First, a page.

“Play is children’s most serious work. In a playful environment, you feel safe enough to explore ideas that would otherwise be risky. The mind, the eye, and the hand can actually achieve their magic if you let them.” - Edith Ackermann, Developmental Psychologist and Learning Researcher, MIT Media Lab (1946-2016)
Play Is Children’s Most Serious Work
As the late developmental psychologist and learning researcher Edith Ackermann articulated in a 2014 interview with the Exploratorium’s Tinkering Studio, “playfulness is a counterpoint to curiosity.” You need both ingredients to inspire risk-taking and to see things differently—activities which give rise to innovation. Elementary school-aged children are at one of the most curious, kinetic, and creative junctures of their lives. In the right setting, not only are they open to trying new things, they are also resilient in the face of frustration or failure—along the way, growing insight through learning by doing.
Making and tinkering within the right parameters, according to Ackermann, allow children to innovate and discover new things while feeling safe to take risks. For many students, tinkering fuels their natural curiosity and leads them understand not how only things work but also how things fit together in the larger picture—helping them with problem solving, relationship building, and fine motor skills. Ultimately for Ackermann, children can become experts in the process of learning and creation: “when it comes to learning and creative uses of technologies, children have more to teach adults than adults do children.”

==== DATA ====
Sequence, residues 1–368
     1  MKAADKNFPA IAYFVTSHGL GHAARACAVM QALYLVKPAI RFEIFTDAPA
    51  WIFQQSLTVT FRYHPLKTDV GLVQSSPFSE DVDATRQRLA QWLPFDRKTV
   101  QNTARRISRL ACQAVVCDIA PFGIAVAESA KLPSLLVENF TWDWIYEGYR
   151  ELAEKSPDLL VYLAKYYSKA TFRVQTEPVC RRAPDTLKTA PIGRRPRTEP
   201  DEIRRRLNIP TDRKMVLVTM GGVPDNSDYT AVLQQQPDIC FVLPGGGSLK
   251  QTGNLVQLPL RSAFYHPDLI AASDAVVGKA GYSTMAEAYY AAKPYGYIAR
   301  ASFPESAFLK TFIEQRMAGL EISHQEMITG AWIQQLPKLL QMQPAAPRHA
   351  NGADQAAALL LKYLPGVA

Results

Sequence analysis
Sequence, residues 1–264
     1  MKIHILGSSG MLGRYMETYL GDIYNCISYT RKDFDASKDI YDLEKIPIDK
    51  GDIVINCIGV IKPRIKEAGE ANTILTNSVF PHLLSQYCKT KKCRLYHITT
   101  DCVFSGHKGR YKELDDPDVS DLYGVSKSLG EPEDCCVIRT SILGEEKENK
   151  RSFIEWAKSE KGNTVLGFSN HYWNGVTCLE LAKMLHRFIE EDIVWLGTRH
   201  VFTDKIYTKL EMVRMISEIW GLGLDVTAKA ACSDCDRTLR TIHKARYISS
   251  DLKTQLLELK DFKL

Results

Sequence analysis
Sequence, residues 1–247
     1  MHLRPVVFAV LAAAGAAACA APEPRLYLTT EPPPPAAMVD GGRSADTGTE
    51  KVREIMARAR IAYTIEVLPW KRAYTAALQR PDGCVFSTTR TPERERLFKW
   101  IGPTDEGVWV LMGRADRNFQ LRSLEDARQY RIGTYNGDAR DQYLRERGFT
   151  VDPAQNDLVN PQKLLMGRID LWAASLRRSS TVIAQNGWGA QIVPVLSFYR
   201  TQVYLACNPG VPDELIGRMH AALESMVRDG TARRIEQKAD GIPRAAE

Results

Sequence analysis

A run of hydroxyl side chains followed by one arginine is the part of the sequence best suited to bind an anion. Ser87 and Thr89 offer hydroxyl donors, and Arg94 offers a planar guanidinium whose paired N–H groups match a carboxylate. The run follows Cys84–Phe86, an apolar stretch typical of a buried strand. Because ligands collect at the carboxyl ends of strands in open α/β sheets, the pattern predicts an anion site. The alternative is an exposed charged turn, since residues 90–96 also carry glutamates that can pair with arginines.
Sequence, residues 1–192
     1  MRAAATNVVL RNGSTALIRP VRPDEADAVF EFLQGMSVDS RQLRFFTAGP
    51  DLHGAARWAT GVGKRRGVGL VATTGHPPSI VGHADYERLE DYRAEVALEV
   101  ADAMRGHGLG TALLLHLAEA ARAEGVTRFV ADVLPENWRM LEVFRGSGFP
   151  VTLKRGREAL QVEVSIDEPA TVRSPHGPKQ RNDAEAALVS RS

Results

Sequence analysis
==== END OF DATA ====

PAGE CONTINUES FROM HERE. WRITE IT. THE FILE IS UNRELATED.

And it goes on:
Experts Working Alongside Experts
Through the support of Arlington Public Schools and the foresight of former VMDO Associate Dina Sorensen, Discovery Elementary School Art Teacher Maria Burke attended the 2015 Constructing Modern Knowledge institute, which featured a day trip to the MIT Media Lab with facilitated reflections and discussions led by Dr. Edith Ackermann. Inspired to translate thought into action, Burke collaborated with Sorensen to bring together Discovery teachers Heather Blake and Greg Rusk, among others; researchers and professors of architecture Dr. Rosie Parnell (Northumbria University) and Evelyn Tickle (James Madison University); building hero Alex Gilliam of Public Workshop; industrial designers from VS America; environmental graphic designers from Iconograph; and architectural designers from VMDO to devise a prototype maker curriculum for students at Discovery Elementary School called the Seat Design Challenge.
The Seat Design Challenge invited 83 fifth graders to re-imagine the design of furniture to create a novel space in their school. Featuring a host of experts working alongside students and teachers, the curriculum covered a 6-month period—from an initial discovery and research phase to a high-intensity 2-week prototyping workshop. During this 2-week stretch, students worked in teams to create and pitch conceptual ideas about seat design; experiment in translating prototypes into built form; and reflect about what they learned, culminating with a vote for the top seat design. The winning design was built at a large physical scale to enhance an existing learning space at the school.
According to Burke, “this collaboration capitalized on the design thinking process from a variety of professional perspectives, each of us empathizing with one another and synthesizing new vantage points, each peering into the project from a different face of the prism.”
Developing a Student-Led Framework for Making
Students became the creative experts in the process—individually and collaboratively engaging with experiential learning that was both self-directed and investigation-based. Burke reflects: “Students planned for their seat to have many uses. They thought about the quantity of people that would sit in their seat, as well as the materials, functionality, and form. From data students collected, they hoped for an elevated, comfortable, and nurturing space with a cocoon-like atmosphere that would be a place to escape from school stress, to read a book, or do work calmly on their iPad in the commons area at the top of the slide on the second floor of Discovery.”